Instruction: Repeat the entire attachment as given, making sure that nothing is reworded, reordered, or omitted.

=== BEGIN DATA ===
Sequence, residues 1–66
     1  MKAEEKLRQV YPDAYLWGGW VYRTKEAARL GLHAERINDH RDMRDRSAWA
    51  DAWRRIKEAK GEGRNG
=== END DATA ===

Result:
Sequence, residues 1–66
     1  MKAEEKLRQV YPDAYLWGGW VYRTKEAARL GLHAERINDH RDMRDRSAWA
    51  DAWRRIKEAK GEGRNG